The rest of the movies, set to debut between March and November, were delayed and then delayed again. Mulan finally debuted on Labor Day weekend, in theaters and on Disney+ for an extra fee on top of the monthly subscription. It’s unclear how many people watched the movie on the streaming service, but the international box office was pretty dismal for several reasons. COVID-19 depressed the box office numbers for even the most anticipated movies of the year, like Tenet, and Mulan in particular had run into multiple controversies in China, which often makes up a large chunk, if not the majority, of international ticket sales for big action movies—not to mention a big action movie set in China with a primarily Chinese cast.
Marvel Studios has delayed Black Widow and the Eternals until next year, dealing a particular blow to Eternals director Zhao, who was poised for a one-two punch. Zhao currently stands as frontrunner in the Oscar race this year for her film Nomadland, and releasing an intimate Oscar contender starring real nomads instead of actors in the same year as a Marvel epic set in space would have been a fascinating demonstration of directorial range.
Warner Bros. will release Wonder Woman 1984 straight to HBO Max on Dec. 25, part of a larger and controversial decision to release all of the studio’s 2021 movies directly to the streaming service even once a vaccine arrives and movie theaters reopen in earnest.
It’s a rather anti-climactic conclusion to a year that I and other prognosticators had hoped would be a turning point for women directors in the industry, the year in which studios trusted more women than ever to make money on movies with expensive CGI, explosions and plenty of action.
But what can be gleaned from what never happened?
The next of these movies due out, Wonder Woman 1984, remains a strange test case for the future of films in general—whether movies going straight to streaming for a period simultaneous to opening in theaters will become the norm—but for the future of female-directed films in particular. We’ll never really know how successful the sequel was. Even if Warner Media decides to release those numbers, VOD stats are always a bit fuzzy: it’s unclear how many people sat down and watched a movie straight through as opposed to how many started the film for a few minutes before flipping to another movie, or left it on in the background while answering their emails. (Netflix, for one, counts two minutes of watching as a view.)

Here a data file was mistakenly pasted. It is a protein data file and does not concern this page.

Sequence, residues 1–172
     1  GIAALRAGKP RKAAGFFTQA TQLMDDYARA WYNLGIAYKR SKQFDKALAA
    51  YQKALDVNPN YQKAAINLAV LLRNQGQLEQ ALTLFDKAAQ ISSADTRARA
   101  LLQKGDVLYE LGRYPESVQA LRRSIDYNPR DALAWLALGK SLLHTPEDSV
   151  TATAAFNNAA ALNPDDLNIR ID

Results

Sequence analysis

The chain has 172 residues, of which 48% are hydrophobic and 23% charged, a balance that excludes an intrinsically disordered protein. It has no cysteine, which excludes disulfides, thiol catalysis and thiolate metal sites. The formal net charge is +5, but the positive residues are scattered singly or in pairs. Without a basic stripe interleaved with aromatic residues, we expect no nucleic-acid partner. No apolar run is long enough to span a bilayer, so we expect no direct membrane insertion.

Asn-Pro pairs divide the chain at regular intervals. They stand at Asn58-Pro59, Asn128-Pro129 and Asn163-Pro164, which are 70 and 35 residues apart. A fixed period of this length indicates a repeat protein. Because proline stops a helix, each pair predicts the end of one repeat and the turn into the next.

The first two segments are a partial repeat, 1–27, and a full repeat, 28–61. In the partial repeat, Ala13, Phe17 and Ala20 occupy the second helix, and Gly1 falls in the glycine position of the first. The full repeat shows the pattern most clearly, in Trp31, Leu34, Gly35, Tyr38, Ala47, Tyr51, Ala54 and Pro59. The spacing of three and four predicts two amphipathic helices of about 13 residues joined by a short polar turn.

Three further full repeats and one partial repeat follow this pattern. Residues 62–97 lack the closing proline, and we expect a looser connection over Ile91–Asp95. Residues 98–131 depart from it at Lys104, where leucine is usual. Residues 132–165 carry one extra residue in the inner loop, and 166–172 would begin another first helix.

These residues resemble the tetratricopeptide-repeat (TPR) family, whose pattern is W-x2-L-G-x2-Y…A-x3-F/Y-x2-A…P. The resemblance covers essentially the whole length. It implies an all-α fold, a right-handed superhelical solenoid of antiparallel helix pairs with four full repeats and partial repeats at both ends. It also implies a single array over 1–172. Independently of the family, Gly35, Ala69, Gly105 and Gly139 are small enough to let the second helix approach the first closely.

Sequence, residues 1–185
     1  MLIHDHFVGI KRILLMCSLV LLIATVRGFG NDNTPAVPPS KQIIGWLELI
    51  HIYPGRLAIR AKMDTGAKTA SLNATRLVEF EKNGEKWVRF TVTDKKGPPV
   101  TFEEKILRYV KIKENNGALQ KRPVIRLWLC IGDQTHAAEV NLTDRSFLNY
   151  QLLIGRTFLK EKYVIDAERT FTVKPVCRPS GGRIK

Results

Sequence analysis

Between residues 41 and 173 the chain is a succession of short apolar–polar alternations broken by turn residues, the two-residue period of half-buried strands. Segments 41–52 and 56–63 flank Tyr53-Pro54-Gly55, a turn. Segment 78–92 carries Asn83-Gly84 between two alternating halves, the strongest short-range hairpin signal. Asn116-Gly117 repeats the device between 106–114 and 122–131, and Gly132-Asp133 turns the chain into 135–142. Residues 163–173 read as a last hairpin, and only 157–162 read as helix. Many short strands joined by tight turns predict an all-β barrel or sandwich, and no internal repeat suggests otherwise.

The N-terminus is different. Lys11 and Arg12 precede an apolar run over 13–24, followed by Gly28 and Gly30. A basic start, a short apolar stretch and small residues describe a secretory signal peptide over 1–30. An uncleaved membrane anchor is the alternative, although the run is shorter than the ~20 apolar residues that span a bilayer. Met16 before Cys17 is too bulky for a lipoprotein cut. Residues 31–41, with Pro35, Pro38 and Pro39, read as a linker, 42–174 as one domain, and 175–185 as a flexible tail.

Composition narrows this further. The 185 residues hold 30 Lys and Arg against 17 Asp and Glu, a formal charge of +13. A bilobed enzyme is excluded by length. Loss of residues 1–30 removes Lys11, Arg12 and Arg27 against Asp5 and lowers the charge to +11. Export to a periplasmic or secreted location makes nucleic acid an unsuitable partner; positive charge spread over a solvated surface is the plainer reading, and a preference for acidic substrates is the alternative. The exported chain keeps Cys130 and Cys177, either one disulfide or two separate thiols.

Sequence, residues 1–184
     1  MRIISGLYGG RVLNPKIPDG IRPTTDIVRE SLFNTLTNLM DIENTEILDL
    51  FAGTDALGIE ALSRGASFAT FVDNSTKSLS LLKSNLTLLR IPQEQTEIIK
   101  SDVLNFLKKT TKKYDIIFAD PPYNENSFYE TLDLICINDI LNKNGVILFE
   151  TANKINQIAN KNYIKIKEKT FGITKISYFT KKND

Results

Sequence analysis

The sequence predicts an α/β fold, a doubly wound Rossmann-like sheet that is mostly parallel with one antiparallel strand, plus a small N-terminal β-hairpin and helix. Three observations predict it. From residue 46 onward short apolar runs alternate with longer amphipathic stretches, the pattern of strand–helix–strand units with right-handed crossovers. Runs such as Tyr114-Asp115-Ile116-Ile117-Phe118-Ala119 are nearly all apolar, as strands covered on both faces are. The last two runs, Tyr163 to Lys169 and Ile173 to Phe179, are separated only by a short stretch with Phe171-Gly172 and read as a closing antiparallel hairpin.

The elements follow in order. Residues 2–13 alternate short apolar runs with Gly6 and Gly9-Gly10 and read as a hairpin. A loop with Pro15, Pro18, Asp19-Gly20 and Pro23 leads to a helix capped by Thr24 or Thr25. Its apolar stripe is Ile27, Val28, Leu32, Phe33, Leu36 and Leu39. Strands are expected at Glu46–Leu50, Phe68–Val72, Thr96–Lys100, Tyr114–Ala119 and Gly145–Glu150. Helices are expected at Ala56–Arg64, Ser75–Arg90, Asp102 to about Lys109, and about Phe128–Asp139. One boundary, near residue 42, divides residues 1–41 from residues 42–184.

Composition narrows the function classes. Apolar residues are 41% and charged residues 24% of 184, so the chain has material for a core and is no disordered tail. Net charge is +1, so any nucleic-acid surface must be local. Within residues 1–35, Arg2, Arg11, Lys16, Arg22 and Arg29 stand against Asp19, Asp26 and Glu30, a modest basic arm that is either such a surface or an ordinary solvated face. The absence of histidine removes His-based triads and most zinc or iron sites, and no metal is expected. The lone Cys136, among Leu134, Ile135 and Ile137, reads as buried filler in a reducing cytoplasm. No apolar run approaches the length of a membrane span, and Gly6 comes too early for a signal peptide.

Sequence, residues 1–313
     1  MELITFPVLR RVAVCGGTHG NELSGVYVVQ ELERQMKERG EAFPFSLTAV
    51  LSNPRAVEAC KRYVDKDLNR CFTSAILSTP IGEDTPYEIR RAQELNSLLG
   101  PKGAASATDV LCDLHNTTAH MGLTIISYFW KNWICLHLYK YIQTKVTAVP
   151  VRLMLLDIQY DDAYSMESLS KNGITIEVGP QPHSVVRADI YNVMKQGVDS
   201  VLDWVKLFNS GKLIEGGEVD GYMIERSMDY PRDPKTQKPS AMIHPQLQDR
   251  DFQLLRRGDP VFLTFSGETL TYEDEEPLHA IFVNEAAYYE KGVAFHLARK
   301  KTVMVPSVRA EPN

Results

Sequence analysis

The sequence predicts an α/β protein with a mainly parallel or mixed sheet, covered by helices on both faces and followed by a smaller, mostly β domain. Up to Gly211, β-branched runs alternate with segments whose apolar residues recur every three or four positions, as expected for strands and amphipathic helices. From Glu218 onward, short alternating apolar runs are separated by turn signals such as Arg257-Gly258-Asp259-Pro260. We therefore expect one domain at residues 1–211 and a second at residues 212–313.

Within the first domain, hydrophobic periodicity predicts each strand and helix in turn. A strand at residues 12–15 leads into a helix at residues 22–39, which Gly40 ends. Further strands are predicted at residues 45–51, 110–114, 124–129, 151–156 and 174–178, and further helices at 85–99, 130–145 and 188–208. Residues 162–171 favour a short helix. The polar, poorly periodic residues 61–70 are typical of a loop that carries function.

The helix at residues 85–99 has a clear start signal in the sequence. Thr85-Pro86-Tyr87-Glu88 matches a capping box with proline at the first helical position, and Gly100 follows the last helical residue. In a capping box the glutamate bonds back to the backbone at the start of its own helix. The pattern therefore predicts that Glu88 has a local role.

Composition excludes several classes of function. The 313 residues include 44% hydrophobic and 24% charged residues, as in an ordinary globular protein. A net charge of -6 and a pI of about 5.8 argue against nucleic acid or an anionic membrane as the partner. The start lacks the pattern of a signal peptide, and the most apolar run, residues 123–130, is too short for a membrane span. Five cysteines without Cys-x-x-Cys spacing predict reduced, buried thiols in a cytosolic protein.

And even if the numbers are excellent, the VOD release of Wonder Woman 1984 is unlikely to generate the sort of profit that a theatrical release would in a normal year. The first Wonder Woman movie grossed $821.8 million. At $15 per month, HBO Max would have to sign up 54.8 million new subscribers—significantly more than their current 36.3 million subscribers—to match the financial windfall of the first film. That’s all a rather complicated equation that’s going to make it hard for other female filmmakers to point to the success of Wonder Woman 1984 and ask that studios give them a chance to do that too.
In the weeks leading up to Wonder Woman 1984’s release, any of the 2020 data that studios might try to analyze is muddled: Birds of Prey and Mulan were box office let-downs in a year when everything was a box office let-down. They received mixed-to-positive reviews (both have around 75% on Rotten Tomatoes, an imperfect but convenient metric of critical reception). But let’s be honest, many other superhero movies and live-action remakes of Disney films get mixed or worse reviews, regardless of who directed them. Those of us who have been following the industry for years and demanding more diversity behind the camera can’t help but worry that studios might take these releases as an indictment against women directing films.